From Trade Unionism to Syndicalisme Révolutionnaire to Syndicalism: The British Origins of French Syndicalism
Bantman, C (2010) From Trade Unionism to Syndicalisme Révolutionnaire to Syndicalism: The British Origins of French Syndicalism In: New Perspectives on Anarchism, Labour and Syndicalism. The Individual, the National and the Transnational. Cambridge Scholars Publishing, Newcastle upon Tyne, pp. 126-140. ISBN 1-4438-2393-7
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The French and British trade union organisations of the 1880-1914 period are usually presented as antagonistic, British trade unionism being financially powerful and predominantly conservative, connected in turn with the Liberal Party and the Labour Party set up in 1893, while French unions were numerically weak, fiercely independent from political power, and preached revolutionary methods. This opposition is epitomised by the contrast between the powerful and conservative Trade Union Congress and, on the other hand, the CGT, the French trade union confederation set up in 1895, with its adamant rejection of political alliances formalised by the iconic 1906 Charte d’Amiens. These oppositions are often taken to reflect profound differences in the political orientations of skilled workers (with the contrast between France’s radical artisans and Britain’s labour aristocracy), and in the maturity of industrial development (between France’s decentralised and workshop-based production system and Britain’s more advanced industrialisation). In spite of these partly debatable alleged ideological and socioeconomic differences, the years between 1880 and 1914 saw an intense exchange of ideas and tactics between France and Britain, as trade union organisation and ideology underwent rapid changes on both sides of the Channel. The British organisations evolved from the reformist and elitist culture of the mid-Victorian social consensus into larger, more democratic and combative “new unions”.1 In France, the trade union movement remained very weak during the 1880s, until the development of the CGT and its formal rejection from parliamentary politics at the turn of the century, triumphant at first, then increasingly problematic.2 In both countries, these years witnessed a succession of periods of strength and decline, in ideological and numerical terms. For these two rapidly-changing movements, developments occurring across the Channel provided both an example and a counter-example through which they could define and reinvent themselves. This chapter maps out these ideological transfers within the revolutionary branch of the international labour movement, insisting on the personal networks underpinning these exchanges and on the processes of reinterpretation and adaptation such cross-influences required. It focuses on the “ideological” level, rather than the grassroots and organisational levels3: it is a study in transnational exchanges of ideas and debates, which leaves aside the question of the actual impact of these ideas on their intended audiences, the workers.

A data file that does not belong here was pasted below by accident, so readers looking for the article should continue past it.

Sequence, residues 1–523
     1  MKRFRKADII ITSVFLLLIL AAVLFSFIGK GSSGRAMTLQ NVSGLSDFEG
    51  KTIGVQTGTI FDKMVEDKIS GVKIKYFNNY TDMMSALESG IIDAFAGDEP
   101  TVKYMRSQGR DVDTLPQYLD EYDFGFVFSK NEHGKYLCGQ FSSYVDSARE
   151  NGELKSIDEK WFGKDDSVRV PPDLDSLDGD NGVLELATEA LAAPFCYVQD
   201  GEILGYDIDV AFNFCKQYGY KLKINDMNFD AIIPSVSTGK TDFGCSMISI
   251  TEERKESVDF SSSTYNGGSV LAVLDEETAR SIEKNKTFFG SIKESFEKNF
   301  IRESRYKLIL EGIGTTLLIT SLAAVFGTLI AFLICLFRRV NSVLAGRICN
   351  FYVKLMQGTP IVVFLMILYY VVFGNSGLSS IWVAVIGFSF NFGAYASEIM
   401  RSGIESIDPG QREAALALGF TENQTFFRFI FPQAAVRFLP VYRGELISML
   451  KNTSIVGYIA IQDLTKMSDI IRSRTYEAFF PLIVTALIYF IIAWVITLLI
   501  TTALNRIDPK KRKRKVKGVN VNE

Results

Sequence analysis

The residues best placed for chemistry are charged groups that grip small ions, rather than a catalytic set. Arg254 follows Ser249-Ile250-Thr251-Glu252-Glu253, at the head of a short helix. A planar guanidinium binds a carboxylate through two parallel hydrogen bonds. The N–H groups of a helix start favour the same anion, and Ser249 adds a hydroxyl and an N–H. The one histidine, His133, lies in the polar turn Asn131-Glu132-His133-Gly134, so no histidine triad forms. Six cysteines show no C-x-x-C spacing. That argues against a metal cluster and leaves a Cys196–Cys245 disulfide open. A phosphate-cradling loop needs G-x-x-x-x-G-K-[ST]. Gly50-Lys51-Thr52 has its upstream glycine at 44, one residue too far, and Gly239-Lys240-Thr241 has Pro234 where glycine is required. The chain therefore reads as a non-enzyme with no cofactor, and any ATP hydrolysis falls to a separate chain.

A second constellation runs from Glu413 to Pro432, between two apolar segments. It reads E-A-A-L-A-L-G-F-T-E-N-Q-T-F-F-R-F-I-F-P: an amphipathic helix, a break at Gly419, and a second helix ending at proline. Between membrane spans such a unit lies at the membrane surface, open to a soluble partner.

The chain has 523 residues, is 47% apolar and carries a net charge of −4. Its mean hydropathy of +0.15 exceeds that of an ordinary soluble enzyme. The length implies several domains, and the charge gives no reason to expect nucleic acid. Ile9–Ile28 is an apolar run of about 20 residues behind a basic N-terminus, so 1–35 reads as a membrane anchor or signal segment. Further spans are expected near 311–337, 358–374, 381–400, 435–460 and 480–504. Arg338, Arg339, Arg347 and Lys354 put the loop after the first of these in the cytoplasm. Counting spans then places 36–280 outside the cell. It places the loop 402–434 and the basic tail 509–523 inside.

|Item Type:||Book Section|
|Divisions :||Faculty of Arts and Social Sciences > School of English and Languages > Languages and Translation|
|Date :||1 October 2010|
|Related URLs :|
|Additional Information :||This is an electronic version of a book chapter published as Bantman C (2010). From Trade Unionism to Syndicalisme Révolutionnaire to Syndicalism: The British Origins of French Syndicalism. In New Perspectives on Anarchism, Labour and Syndicalism. The Individual, the National and the Transnational. Editors: Berry D, Bantman C. 126-140. Cambridge Scholars Publishing, Newcastle upon Tyne 01 Oct 2010. Available at: http://www.c-s-p.org/flyers/New-Perspectives-on-Anarchism--Labour-and-Syndicalism--The-Individual--the-National-and-the-Transnat1-4438-2393-7.htm|
|Depositing User :||Symplectic Elements|
|Date Deposited :||04 Nov 2013 14:24|
|Last Modified :||09 Jun 2014 13:50|
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